The world premiere of the Northern Ballet's production of 1984 is only weeks away, and its choreographer, Jonathan Watkins, is finessing a pas de deux with the principal dancers.
The Independent on Sunday has been granted exclusive access to the rehearsals and so I am able to watch Watkins work his magic with Tobias Batley and Martha Leebolt, who will take on the roles of Winston, the hero of George Orwell’s dystopian masterpiece, and his lover, Julia. Six other dancers mark out the steps behind the graceful pair and it is extraordinary to witness the ballet come to life, set to an original score by Alex Baranowski.
It is thought to be the first full-length ballet based on Orwell’s novel. Watkins had the idea for it after he was approached by Northern Ballet, which had been impressed with his version of Kes – a ballet that ran last year to acclaim at the Crucible Theatre, Sheffield.
“I was only really interested in doing this story,” he tells me before the day’s rehearsals start. “With a big undertaking like this, and with this kind of creative process, you need to know the material inside and out, be really passionate about it and really engaged with it.
“I read 1984 when I was 14 or 15 and it has been inspiring my work since then, with ideas about individuality and going against the system and about how we behave in the presence of other people as opposed to when we are in private.”
Watkins has not seen Headlong’s stage adaptation of 1984, currently running at the Playhouse Theatre, London, and has deliberately avoided the film version starring John Hurt and Richard Burton, which came out in 1984 – which is also the year Watkins was born.
“I wanted the book to be my sole frame of reference,” he says. “With a dance piece, with a ballet, it’s almost as if you have to absorb the book and all of its concepts, and the research that goes with that, and filter it out into this reimagined new world, and so I didn’t want anything getting in the way of that.”
Watkins, 31, grew up in Barnsley, the son of a builder and a teacher. A friend, spotting him dancing at a wedding, advised his parents to send him to dance classes, and he joined a local ballet school at the age of eight. He won a place at the Royal Ballet School in London four years later. He says it was hard to leave Yorkshire to board in London at such a young age, but he adds: “I would not be where I am now, so it was worth it.” Watkins was a dancer with the Royal Ballet Company for 10 years after graduating from the school and while there he realised his true calling as a choreographer. He no longer performs.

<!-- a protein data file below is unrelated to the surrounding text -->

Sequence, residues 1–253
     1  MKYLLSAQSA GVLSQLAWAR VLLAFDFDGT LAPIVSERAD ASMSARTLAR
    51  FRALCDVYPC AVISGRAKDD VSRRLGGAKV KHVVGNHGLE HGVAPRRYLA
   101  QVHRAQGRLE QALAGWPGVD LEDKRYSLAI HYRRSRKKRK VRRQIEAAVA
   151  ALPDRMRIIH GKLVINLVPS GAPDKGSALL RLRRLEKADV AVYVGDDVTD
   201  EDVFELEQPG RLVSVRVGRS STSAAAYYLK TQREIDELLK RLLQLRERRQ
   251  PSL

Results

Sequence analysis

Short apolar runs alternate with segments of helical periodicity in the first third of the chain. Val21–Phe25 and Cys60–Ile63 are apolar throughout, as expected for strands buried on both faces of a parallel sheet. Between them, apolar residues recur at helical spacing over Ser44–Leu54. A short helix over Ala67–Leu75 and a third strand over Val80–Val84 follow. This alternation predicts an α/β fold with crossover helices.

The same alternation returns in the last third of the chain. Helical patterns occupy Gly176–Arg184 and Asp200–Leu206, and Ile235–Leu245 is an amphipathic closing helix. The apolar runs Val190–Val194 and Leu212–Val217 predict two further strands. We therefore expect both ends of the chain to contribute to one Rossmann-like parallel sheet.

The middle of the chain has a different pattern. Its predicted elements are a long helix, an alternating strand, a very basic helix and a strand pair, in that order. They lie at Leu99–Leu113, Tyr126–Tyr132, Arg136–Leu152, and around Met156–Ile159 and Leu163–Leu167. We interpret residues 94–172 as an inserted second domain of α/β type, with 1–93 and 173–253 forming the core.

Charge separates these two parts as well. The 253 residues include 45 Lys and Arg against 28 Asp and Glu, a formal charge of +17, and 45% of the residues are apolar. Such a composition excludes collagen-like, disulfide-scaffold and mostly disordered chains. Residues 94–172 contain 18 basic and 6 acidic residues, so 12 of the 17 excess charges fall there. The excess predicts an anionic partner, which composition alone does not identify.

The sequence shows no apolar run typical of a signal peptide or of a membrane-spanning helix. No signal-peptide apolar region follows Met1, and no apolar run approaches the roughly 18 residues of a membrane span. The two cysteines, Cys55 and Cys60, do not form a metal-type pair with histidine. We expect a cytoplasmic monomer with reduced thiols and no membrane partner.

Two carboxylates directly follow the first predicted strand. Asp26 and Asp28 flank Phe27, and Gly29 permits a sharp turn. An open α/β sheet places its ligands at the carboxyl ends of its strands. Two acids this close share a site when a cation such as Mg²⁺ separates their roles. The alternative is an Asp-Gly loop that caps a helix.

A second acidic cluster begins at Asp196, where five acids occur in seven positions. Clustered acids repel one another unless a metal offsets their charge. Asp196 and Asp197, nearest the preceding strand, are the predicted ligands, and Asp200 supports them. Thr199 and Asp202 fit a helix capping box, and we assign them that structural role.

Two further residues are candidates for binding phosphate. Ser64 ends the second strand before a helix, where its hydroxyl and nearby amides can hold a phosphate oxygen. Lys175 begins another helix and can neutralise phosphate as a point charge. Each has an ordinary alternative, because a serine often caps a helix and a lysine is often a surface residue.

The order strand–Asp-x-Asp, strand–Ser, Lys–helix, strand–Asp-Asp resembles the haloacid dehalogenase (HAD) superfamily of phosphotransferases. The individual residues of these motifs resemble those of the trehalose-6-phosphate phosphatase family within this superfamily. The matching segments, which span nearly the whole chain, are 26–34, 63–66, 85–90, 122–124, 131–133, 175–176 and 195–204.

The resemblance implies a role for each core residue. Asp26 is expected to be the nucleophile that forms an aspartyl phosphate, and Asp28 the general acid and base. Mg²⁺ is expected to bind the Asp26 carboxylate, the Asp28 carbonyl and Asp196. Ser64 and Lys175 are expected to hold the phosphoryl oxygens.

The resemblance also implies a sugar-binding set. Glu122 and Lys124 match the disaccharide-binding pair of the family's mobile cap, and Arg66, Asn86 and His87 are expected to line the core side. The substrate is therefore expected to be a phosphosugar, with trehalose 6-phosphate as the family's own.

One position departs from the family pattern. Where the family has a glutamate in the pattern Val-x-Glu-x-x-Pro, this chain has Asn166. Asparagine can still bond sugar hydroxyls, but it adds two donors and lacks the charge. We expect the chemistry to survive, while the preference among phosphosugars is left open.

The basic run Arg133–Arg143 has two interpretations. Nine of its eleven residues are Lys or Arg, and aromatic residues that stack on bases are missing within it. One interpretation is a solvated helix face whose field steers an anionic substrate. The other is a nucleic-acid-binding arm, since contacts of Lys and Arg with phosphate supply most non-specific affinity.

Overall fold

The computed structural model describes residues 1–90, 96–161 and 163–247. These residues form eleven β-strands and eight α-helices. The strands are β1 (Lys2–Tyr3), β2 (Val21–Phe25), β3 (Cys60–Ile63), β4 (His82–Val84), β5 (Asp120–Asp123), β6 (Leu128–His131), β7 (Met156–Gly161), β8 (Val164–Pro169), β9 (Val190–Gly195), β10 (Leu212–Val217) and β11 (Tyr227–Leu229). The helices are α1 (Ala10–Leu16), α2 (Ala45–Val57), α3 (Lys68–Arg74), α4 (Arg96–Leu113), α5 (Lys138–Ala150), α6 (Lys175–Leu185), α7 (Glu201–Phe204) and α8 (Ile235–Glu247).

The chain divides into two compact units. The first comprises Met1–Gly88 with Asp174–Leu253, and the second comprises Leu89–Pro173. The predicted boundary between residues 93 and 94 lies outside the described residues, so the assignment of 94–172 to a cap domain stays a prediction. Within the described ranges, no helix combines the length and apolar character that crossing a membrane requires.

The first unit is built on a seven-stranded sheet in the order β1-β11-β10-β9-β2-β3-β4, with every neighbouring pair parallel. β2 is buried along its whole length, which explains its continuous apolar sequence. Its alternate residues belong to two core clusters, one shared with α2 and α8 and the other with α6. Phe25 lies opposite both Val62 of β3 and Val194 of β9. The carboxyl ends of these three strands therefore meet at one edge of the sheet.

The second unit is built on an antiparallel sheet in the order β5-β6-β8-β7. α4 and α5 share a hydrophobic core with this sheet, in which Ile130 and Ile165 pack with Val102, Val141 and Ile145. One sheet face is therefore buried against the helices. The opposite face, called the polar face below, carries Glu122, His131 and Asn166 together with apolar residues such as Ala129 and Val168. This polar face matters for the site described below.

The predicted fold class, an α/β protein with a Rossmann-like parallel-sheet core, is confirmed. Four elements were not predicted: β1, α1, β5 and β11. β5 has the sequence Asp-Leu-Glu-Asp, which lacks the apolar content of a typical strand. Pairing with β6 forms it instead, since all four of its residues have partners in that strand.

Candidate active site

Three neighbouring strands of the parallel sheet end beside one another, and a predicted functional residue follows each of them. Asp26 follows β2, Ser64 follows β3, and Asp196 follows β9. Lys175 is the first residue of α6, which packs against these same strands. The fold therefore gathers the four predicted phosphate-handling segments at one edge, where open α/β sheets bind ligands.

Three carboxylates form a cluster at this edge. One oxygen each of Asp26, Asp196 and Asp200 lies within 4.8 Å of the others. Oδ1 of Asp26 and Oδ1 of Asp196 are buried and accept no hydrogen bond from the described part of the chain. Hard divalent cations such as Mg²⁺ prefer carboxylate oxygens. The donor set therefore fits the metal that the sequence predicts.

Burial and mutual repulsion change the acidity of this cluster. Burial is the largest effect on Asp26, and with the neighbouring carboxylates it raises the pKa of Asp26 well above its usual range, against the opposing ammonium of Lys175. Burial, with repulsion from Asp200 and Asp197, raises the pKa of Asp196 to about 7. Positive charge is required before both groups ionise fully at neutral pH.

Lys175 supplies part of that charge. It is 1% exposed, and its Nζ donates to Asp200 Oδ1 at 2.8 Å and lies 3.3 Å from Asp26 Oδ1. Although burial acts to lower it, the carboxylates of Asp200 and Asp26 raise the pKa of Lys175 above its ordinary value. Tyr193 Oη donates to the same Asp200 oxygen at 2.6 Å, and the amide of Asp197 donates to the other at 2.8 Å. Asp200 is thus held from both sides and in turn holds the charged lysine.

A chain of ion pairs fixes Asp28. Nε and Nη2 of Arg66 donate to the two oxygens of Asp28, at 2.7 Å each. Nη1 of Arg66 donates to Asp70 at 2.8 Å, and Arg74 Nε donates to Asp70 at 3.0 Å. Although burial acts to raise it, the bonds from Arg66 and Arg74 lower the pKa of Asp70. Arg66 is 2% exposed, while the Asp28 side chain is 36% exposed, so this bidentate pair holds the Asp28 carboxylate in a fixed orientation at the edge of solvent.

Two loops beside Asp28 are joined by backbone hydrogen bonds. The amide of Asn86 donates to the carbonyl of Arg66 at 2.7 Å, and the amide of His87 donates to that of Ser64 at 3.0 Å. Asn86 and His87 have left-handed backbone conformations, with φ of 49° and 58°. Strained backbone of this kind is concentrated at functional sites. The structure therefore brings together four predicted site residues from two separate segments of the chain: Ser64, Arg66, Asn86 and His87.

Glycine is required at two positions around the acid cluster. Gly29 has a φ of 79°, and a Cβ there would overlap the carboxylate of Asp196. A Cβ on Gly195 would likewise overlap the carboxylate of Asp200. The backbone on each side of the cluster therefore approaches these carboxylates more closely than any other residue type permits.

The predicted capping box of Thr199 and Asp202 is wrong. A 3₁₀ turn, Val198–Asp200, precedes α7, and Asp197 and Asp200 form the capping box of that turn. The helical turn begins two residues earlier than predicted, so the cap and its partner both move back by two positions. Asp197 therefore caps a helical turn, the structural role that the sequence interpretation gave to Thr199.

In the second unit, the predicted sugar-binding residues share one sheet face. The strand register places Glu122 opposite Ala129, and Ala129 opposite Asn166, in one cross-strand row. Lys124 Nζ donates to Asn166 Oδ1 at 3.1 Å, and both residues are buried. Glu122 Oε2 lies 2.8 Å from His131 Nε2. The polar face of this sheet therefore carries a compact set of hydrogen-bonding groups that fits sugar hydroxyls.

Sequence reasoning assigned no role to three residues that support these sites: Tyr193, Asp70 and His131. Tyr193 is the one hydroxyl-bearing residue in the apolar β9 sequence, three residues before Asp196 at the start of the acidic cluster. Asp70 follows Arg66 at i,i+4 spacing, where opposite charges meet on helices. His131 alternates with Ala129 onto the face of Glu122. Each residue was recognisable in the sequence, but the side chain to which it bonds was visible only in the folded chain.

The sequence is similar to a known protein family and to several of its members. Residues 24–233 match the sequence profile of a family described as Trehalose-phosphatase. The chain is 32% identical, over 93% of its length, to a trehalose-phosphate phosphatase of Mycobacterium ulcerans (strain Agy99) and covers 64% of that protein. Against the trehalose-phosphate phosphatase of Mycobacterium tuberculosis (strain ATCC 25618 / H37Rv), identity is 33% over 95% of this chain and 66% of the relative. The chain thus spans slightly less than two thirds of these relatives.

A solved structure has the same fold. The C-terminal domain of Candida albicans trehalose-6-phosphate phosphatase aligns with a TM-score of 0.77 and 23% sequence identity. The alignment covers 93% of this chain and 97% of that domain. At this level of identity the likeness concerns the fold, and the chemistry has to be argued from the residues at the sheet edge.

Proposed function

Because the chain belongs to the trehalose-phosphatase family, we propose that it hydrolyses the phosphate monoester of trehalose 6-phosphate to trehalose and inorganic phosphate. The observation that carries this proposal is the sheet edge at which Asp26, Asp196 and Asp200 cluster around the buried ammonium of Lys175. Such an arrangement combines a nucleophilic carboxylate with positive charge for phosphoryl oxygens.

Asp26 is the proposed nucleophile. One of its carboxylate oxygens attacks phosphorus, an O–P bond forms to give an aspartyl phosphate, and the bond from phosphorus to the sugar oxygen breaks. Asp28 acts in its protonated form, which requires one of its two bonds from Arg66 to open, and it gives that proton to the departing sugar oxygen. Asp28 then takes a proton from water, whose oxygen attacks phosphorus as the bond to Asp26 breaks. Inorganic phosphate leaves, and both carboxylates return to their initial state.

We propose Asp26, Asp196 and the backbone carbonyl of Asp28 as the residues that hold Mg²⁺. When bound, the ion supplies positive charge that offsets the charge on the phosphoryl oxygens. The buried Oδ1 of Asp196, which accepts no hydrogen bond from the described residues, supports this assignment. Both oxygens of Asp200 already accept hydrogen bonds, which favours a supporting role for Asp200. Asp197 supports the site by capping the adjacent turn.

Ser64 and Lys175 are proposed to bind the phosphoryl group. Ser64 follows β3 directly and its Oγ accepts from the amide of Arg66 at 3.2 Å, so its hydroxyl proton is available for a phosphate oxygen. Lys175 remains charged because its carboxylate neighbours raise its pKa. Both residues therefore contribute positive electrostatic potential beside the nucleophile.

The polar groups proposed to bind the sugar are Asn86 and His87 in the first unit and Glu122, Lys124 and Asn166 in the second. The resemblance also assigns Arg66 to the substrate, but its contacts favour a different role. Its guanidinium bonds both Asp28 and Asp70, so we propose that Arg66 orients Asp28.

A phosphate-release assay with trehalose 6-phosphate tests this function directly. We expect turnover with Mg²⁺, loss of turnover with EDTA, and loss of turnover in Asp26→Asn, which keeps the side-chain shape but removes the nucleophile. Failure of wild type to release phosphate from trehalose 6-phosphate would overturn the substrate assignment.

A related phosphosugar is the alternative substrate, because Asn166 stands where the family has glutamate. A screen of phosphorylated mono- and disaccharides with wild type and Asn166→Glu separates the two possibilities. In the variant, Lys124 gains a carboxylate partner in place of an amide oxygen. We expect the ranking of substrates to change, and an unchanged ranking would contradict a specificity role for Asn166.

“I am thankful for my dancing career and I was ready to give this my whole life commitment,” he says. “I feel like this is exactly what I am meant to be doing.”
Although Orwell’s predictions have “so much relevance and reflection on how we are living now”, Watkins did not wish to set his ballet in the present.
“With the LEDs and the individual screens, you are not going to see Twitter feeds or anything like that,” he says. “For me, 1984 is not a time but a concept and I wanted the whole look of it to be of itself.”
There must be challenges in transforming such a famous novel into a ballet?
“There are always big challenges,” Watkins says. “I think the book is brilliant and amazing in its predictions, but it is not without its faults. Some of the characters are drawn very one-dimensionally and the way the proles are depicted is a very old-fashioned, working-class projection, and that is something I do not need to use in this production.”
Because the Inner Party that rules the world of 1984 does not see the proles as a threat, Watkins has allowed them to “move as though there aren’t restrictions on them”, in contrast to the Outer Party members, who have “a unison and rigid sort of classicism to their movement”.
Watkins started thinking about the concepts for the ballet not long after the start of the Arab Spring uprising, and images of people rising up in protest against their governments informed how he thinks about the proles in the ballet.
“Winston says, ‘If there is hope, it lies in the proles,’” Watkins explains. “We have seen that happen with the masses of people coming together. We don’t see that in this story but you want to leave it with people thinking that that might happen at some point.”
1984 , West Yorkshire Playhouse, 5-12 September. From October to May it tours to Nottingham, Manchester, Sheffield, Edinburgh, Milton Keynes, Southampton and LondonReuse content